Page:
The United Nations Convention on the Rights of Persons with Disabilities should not be controversial: It requires equal access for the disabled and bans discrimination against them in all countries that sign on. There is no question that the Senate should ratify it. The only issue is why it has any opponents at all.

Modeled after the landmark Americans With Disabilities Act, the treaty has been ratified by 146 countries and the European Union, and has legions of supporters in the United States — veterans groups of different generations, business and civic leaders. It also has bipartisan roots: The George W. Bush administration participated in drafting it, and President Barack Obama signed it. Although there are a number of Republicans who oppose it, Sen. John McCain, R-Ariz., is an outspoken advocate, as is former Republican Sen. Majority Leader Bob Dole, who was disabled during his service in World War II. Now 91 and using a wheelchair, Dole recently made his second poignant trip to the Capitol to promote the treaty, urging former colleagues to vote for what he called “not a Republican or a Democrat treaty.”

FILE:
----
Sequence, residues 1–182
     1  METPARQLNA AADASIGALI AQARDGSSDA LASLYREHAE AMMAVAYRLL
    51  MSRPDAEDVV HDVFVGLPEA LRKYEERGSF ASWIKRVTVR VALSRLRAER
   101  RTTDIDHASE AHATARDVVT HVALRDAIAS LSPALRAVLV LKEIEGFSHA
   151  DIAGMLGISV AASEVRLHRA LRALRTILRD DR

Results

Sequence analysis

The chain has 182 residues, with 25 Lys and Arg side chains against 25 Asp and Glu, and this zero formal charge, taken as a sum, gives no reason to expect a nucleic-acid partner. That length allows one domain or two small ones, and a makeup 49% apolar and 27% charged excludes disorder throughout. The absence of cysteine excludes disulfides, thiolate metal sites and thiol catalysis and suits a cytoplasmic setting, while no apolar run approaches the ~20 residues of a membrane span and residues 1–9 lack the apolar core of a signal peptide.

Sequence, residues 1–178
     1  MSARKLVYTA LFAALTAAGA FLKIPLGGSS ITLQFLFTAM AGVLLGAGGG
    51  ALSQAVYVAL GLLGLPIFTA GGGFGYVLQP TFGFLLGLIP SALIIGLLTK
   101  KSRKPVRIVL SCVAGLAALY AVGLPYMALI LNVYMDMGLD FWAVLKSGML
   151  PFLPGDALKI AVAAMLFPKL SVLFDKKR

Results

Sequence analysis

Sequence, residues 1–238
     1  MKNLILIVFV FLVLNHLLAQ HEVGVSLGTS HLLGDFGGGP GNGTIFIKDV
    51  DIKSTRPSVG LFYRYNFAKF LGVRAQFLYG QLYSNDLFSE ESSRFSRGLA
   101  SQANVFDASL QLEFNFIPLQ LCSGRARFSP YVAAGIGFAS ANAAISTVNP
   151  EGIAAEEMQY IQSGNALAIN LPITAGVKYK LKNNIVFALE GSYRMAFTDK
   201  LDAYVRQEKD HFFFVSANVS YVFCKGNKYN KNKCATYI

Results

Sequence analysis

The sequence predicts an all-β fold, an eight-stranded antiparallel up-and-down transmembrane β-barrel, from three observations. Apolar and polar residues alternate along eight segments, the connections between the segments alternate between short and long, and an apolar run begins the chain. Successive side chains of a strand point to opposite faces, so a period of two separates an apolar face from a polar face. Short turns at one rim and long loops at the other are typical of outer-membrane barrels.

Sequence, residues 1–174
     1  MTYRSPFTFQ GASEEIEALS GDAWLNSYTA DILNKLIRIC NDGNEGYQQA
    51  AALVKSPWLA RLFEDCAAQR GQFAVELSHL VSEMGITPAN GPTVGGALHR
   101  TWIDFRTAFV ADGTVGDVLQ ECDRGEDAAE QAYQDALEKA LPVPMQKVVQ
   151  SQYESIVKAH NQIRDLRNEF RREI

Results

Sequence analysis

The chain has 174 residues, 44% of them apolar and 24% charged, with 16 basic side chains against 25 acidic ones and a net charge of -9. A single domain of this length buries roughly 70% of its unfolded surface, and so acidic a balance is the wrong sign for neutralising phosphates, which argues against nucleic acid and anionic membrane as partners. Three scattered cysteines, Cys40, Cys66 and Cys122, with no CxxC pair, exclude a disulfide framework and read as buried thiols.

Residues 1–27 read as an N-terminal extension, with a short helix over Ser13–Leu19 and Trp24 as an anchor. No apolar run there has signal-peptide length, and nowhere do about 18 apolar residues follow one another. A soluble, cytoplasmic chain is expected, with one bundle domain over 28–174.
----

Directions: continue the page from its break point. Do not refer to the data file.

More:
In late 2012, many did vote to ratify it — 61 senators, including Sen. Susan Collins and then-Sen. Olympia Snowe, in fact. But treaties needs 67 votes, a two-thirds majority of the Senate. The treaty was opposed by 38 Republican senators, many of whom argued that it would undermine U.S. sovereignty and cede too much decision-making authority to the United Nations. Strong opposition also came from vocal advocates for home schooling who were alarmed by a passage in the treaty that they believe might override parents’ ability to make decisions about their own disabled children. In fact, the treaty does nothing of the sort.

The bottom line is that the treaty does not trump or alter U.S. laws or those of individual states. And if there is any lingering doubt of that among skeptics, the treaty’s backers in the Senate say they will add clarifying language as part of the ratification process to make sure there are no ambiguities. Senate ratification will bring U.S. influence and innovation to other countries that are in the process of expanding access and opportunity for the disabled. This treaty isn’t about parents losing authority over their kids or the U.S. losing sovereignty over its citizens. It’s about access for the disabled, and a world in which they can travel and thrive without facing discrimination. That’s something we all should want. The Senate should finally ratify this treaty.

Editorial by the Los Angeles Times

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